2010/01/17

Napolitano not quite accurate

The videos of Andrew Napolitano contain several errors of constitutional construction and of history. Here are a few that stood out:

1. It is inaccurate to characterize Alexander Hamilton and John Adams as not believing that rights recognized in the Constitution derived from nature or God. They may have disagreed with Jefferson, Madison and others of their school of thought concerning how to interpret the powers delegated to Congress, but not on the fundamentals of natural or social rights.

2. Contrary to Napolitano, the powers delegated to Congress are not limited to the 17 in Article I Section 8. There are other powers scattered throughout the Constitution.

3. It is not accurate to say that the President must enforce all the laws and must spend all the money Congress votes. First, it is his duty not to do so for statutes or appropriations that are unconstitutional. Second, he has some discretion concerning enforcement, because it is generally not possible to strictly enforce everything, and it is generally necessary to prioritize enforcement actions.

4. It is also not quite accurate to say that any federal court may order the President to do something. As it was pointed out in Marbury v. Madison, the principle of the separation of powers does not permit federal courts to direct the actions of constitutionally elected officials, in that they have no power to enforce such orders. They do, however, have authority to issue enforceable orders to employees and contractors under the supervision of those constitutional officers. Their power over the president is limited to power over those who work under his supervision.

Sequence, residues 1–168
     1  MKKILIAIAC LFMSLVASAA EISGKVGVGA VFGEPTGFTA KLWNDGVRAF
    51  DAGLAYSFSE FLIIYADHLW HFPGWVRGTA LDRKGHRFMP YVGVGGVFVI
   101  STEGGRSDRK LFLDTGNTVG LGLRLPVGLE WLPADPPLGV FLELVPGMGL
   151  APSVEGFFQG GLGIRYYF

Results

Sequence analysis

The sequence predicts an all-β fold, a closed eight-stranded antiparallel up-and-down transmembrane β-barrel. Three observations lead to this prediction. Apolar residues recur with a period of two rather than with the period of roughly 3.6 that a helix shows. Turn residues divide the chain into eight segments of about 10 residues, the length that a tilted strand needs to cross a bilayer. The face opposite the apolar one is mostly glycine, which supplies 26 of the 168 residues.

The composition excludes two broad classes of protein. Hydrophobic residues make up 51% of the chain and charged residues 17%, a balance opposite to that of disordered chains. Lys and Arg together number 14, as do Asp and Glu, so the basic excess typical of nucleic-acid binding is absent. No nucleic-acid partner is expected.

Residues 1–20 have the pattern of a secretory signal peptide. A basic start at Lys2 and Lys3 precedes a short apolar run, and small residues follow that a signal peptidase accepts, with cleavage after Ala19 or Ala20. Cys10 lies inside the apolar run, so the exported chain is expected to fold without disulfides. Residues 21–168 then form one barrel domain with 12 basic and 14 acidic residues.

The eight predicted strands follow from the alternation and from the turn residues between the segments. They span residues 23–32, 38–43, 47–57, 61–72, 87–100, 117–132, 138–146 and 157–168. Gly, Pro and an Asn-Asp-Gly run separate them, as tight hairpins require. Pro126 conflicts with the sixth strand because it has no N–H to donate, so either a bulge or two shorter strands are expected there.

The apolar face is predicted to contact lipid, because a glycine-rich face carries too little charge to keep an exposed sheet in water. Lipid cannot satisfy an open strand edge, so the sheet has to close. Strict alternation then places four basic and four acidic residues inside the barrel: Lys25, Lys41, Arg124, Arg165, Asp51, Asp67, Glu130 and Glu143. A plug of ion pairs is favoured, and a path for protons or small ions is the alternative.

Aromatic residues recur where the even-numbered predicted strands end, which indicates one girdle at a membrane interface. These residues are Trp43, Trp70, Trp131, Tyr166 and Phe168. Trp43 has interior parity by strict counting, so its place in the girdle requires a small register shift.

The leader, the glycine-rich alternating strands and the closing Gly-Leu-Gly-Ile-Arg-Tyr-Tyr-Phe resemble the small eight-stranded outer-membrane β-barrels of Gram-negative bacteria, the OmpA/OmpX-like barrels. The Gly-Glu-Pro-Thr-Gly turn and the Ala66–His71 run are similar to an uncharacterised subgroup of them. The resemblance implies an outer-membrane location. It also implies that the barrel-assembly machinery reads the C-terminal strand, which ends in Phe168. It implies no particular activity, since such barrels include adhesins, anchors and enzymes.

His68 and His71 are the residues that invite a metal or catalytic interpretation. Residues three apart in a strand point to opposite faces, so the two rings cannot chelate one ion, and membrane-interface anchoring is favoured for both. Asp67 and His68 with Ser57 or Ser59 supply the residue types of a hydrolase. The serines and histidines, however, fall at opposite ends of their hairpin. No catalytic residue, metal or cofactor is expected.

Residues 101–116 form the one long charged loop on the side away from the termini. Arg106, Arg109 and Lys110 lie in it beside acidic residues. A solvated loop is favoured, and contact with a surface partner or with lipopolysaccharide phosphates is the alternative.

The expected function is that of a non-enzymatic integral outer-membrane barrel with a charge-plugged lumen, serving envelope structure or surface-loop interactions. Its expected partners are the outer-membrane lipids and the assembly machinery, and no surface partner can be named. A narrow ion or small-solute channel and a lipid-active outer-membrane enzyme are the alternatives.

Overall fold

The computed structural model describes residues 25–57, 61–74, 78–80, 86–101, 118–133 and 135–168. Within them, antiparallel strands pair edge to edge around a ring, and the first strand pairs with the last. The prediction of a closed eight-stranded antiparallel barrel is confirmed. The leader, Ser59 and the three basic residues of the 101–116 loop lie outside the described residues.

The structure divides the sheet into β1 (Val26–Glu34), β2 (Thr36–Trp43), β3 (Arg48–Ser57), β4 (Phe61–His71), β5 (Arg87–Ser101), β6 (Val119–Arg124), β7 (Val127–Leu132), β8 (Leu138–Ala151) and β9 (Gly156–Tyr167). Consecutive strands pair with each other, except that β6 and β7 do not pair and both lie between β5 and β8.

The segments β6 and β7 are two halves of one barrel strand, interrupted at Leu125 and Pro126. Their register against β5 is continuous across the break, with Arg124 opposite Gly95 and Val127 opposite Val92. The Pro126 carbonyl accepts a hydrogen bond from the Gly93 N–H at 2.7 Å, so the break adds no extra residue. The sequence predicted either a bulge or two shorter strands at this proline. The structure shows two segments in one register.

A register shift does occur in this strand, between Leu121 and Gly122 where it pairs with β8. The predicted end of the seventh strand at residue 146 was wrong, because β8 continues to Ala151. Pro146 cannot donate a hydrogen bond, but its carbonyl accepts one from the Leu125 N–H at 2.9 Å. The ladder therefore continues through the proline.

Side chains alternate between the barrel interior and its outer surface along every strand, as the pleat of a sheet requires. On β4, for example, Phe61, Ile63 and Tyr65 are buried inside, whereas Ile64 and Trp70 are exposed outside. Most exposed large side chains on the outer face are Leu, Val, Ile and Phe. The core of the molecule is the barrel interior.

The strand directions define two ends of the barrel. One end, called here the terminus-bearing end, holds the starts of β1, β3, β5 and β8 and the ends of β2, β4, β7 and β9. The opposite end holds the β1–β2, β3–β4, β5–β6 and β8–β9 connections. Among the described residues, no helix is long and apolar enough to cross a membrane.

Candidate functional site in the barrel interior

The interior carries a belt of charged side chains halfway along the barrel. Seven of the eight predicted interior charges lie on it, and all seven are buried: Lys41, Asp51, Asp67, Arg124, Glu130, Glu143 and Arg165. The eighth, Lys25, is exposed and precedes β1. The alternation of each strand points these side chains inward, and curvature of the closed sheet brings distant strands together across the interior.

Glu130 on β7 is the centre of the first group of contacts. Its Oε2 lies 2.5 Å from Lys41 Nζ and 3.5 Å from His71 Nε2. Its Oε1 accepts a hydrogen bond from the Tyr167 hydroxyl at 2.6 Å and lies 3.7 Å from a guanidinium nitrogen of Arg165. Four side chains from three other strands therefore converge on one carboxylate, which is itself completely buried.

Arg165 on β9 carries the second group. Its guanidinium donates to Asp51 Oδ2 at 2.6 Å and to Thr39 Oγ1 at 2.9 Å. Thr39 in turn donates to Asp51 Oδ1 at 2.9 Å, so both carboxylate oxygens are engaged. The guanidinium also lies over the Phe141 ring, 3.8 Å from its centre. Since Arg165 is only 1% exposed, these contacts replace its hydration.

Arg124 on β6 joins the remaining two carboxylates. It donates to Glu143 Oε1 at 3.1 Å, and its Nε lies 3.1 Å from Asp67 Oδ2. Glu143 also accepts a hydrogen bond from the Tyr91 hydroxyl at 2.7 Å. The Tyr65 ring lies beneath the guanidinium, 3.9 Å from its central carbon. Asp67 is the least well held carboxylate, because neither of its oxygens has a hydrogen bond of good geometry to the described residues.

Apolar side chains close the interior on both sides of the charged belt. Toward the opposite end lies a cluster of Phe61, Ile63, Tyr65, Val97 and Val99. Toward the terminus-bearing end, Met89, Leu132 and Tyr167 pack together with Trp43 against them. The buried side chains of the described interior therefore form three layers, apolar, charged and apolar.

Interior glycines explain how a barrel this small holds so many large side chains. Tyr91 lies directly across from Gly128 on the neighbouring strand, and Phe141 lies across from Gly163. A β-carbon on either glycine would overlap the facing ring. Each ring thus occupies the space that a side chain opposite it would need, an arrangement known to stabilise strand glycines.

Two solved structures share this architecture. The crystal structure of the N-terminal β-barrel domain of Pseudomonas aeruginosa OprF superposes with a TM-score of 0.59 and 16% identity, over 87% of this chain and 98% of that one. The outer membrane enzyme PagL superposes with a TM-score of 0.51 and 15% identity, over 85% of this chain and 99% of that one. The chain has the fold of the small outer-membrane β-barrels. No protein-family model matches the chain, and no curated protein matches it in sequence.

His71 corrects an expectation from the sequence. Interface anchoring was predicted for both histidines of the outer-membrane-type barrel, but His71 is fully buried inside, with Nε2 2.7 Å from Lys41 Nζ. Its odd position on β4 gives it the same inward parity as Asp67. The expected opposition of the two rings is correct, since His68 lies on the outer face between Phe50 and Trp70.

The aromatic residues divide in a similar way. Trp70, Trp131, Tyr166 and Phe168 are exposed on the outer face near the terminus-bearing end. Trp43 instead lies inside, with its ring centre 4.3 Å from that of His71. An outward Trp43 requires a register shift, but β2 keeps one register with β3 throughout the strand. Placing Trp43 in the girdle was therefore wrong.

5. Napolitano incorrectly accepts that the "cases and controversies" clause is a limitation of the jurisdiction of the courts to cases in which a party has particular injury to himself. That is the doctrine of "standing" first put forth in Frothingham v. Mellon, 262 U.S. 447 (1923), which removed a key remedy, presumed by the Framers when they wrote the Constitution, by a judiciary trying to evade its duty to decide constitutional issues. This is discussed in The Metaphor of Standing and the Problem of Self-Governance, by Steven L. Winter, 40 Stan. L. Rev. 1371, July, 1988.

6. Napolitano is incorrect that the federal government was created by the states. It was created by the people voting by state. They were not representing the state as a state when they did so, and were also virtually representing the people of the non-state territories. It is a subtle but important distinction that needs to be understood and maintained.

Although I generally commend Napolitano for speaking out on constitutional violations, his understanding of constitutional principles is somewhat distorted by his training as a lawyer. He has written some good books which bring out some of the problems, but which are sadly lacking in the kinds of structural and procedural reforms that are needed to solve them. Most of his suggestions are for officials to behave better. That won't work. Those officials misbehave because of the incentive system within which they operate, and to change the incentive system we have to make structural and procedural changes.

1 comment:

Tenth Amendment Center said...

What I liked most was point #6, which I debate with people about almost constantly at tenthamendmentcenter.com. Even after pointing out that James Madison, in his Report of 1800, explained the difference between "states" as the people of the several states and "states" as state governments - average people have heard this created by the states mantra so many times that they can't seem to accept the truth of it all.

Jon, great entry here - thanks for writing this. Didn't know you were doing so many regular updates.

I'd love it if you'd cross-post some of your entries over at TAC. Drop me a line if you'd like to chat about doing that! info@tenthamendmentcenter.com

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